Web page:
Walsall Corporation Tramways
Although Walsall Corporation took over ownership of just over a mile of track within its boundaries in 1899, it didn't actually begin operating services itself until the opening of the newly built Bloxwich extension on the first day of 1904.
Motormen and conductors were initially issued with double-breasted, cross-over tunics with two rows of five buttons (presumably brass - see link) and upright collars; the latter carried some kind of insignia, possibly a municipal shield on the right-hand side and an employee number on the left-hand side, though confirmation must await clearer photographic evidence. Headgear took the form of tall, pillbox-style caps with glossy peaks. These bore a large brass fretwork-style cap badge with the initials 'W.C.T' across the top and the grade across the bottom, and at least for drivers, a class designation in the centre. Only one of these badges is known to have survived (see below) - for a 'Class 1' Driver - which suggests that at least 'Class 2' existed and maybe even 'Class 3'; whether conductors were similarly treated is unknown. These badges are virtually identical in form to those worn by the staff of Bradford City Tramways during its early years.
In later years (possibly around the time of the Great War) a change was made to more modern double-breasted jackets with two rows of closely spaced buttons, epaulettes (button fastened) and lapels; each lapel carried a small one-piece municipal arms badge incorporating an employee number, and were probably nickel (see below). Caps were also changed to a somewhat unusual soft-topped design with a glossy peak, and these also bore a one-piece municipal arms badge, again probably nickel, but this time incorporating the wearer's grade - either 'Driver' or 'Conductor' (see below).
By the 1920s, lightweight double-breasted overcoats with two rows of four buttons and lapels were issued - presumably in summer - along with white rain covers for the caps.
Female staff were almost certainly employed in the Great War to replace male staff lost to the armed services; details of the uniforms worn are however unknown, as are those of more senior staff such as inspectors.
Conductor and motorman pose with what is almost certainly a brand new Tramcar No 12 on the Walsall Wood line - photo undated, but probably take at or shortly after the inauguration of municipal services, 1st January 1904. Photo courtesy of the Tramways and Light Railway Society, with thanks to David Voice.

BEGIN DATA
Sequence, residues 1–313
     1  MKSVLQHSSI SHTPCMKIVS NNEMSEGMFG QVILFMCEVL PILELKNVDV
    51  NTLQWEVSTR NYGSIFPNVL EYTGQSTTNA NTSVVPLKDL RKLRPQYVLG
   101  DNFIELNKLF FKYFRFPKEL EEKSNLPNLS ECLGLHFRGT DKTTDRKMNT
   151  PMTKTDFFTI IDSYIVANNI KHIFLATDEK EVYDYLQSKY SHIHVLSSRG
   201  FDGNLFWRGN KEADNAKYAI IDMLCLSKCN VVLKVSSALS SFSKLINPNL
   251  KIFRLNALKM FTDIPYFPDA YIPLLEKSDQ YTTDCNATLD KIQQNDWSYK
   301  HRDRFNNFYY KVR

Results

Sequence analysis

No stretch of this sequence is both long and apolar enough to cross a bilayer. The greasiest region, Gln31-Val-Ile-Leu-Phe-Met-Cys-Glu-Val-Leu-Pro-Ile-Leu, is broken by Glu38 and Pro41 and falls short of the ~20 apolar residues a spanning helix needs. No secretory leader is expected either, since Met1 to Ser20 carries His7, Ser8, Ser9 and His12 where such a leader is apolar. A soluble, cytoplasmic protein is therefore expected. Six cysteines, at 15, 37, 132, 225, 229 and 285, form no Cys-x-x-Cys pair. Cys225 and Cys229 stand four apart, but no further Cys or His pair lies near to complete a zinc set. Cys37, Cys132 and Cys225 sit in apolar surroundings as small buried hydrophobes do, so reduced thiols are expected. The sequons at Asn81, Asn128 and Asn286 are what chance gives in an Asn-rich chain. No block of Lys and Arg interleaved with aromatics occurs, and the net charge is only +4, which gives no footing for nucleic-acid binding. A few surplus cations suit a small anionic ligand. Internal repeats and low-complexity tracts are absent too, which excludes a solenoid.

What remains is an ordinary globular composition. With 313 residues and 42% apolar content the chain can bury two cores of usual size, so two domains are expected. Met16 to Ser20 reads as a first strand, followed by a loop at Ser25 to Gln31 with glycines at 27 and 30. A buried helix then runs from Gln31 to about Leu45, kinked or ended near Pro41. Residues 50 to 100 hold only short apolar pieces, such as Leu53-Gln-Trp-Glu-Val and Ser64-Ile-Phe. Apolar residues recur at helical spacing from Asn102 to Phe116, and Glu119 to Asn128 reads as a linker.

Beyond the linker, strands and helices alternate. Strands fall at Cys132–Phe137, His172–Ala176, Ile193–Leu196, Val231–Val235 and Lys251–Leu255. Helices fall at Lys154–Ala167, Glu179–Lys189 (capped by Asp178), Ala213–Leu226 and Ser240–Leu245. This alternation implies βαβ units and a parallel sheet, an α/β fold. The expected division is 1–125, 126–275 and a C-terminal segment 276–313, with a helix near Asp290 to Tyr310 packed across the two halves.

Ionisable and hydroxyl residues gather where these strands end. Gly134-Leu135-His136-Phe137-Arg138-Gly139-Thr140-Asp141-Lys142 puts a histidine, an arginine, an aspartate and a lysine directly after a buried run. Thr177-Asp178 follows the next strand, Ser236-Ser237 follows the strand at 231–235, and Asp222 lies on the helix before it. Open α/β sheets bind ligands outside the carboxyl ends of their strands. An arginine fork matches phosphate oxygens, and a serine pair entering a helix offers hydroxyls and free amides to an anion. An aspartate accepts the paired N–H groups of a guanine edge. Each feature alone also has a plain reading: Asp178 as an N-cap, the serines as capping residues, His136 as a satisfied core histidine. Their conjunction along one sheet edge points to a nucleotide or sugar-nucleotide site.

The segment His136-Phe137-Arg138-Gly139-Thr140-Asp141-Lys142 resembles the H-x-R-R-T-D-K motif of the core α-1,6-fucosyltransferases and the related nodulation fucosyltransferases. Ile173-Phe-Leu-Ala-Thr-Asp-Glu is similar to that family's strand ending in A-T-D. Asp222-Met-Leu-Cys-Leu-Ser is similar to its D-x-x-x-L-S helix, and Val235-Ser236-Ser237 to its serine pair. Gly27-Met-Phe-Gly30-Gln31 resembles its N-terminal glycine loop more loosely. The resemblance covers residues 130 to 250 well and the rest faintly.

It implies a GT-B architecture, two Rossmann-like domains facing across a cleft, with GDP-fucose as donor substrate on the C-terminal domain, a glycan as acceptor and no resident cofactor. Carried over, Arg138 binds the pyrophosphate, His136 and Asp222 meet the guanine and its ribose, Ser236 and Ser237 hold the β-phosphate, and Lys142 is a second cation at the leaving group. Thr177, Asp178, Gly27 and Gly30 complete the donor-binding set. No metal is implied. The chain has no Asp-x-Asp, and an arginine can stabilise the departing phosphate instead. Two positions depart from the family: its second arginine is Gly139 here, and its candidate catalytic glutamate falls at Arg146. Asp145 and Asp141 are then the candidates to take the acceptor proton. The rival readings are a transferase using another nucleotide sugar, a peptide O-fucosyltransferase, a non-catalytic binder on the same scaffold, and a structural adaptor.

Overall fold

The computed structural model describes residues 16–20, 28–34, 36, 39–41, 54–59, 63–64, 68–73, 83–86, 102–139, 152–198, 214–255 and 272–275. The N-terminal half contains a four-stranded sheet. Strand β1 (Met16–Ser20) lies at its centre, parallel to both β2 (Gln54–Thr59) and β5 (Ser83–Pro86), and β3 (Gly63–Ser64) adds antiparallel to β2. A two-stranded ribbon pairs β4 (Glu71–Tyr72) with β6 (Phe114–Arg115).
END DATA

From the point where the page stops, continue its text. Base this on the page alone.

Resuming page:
Blow-up of the above photo, clearly showing the motorman's kepi-style cap and the distinctively shaped cap badge (see below).
Edwardian era Walsall Corporation Tramways cap badge - brass. With thanks to the National Tramway Museum.
Conductor and motorman pose for the cameraman with Tramcar No 11at Brown Lion in Pleck - on a through service over South Staffordshire Tramways Company tracks to Darlaston and Bilston - photo undated, but probably taken around 1907 when through services were inaugurated. Photo courtesy of the Tramways and Light Railway Society, with particular thanks to David Voice.
Conductor and motorman with their charge - a recently outshopped Tramcar No 1 - at the Kings Arms in High St, with a service to Bloxwich; photo undated, but probably taken in 1905/6 as No 1 is top covered (not shown) and was originally delivered in open-topped form. Photo courtesy of the Tramways and Light Railway Society, with particular thanks to David Voice.
Driver (in summer coat) and conductor with Tramcar No 24 at Wednesbury in 1931. By this time the jackets had been changed to a much more modern double-breasted design with lapels. Note that both men are wearing soft-topped, railway-like caps with a new style of cap badge. Photo by H Nicol, courtesy of the National Tramway Museum.
Later era lapel badge - nickel. Author's collection.
Later era lapel badge - chrome. Author's collection.
Probable tramway-era driver's cap badge - chrome. Author's collection.
The crew of Tramcar No 40 in their summer coats at the Bloxwich terminus - photo undated, but probably taken in the 1932 or 33. Note the military-style caps. Photo courtesy of the Tramways and Light Railway Society, with particular thanks to David Voice.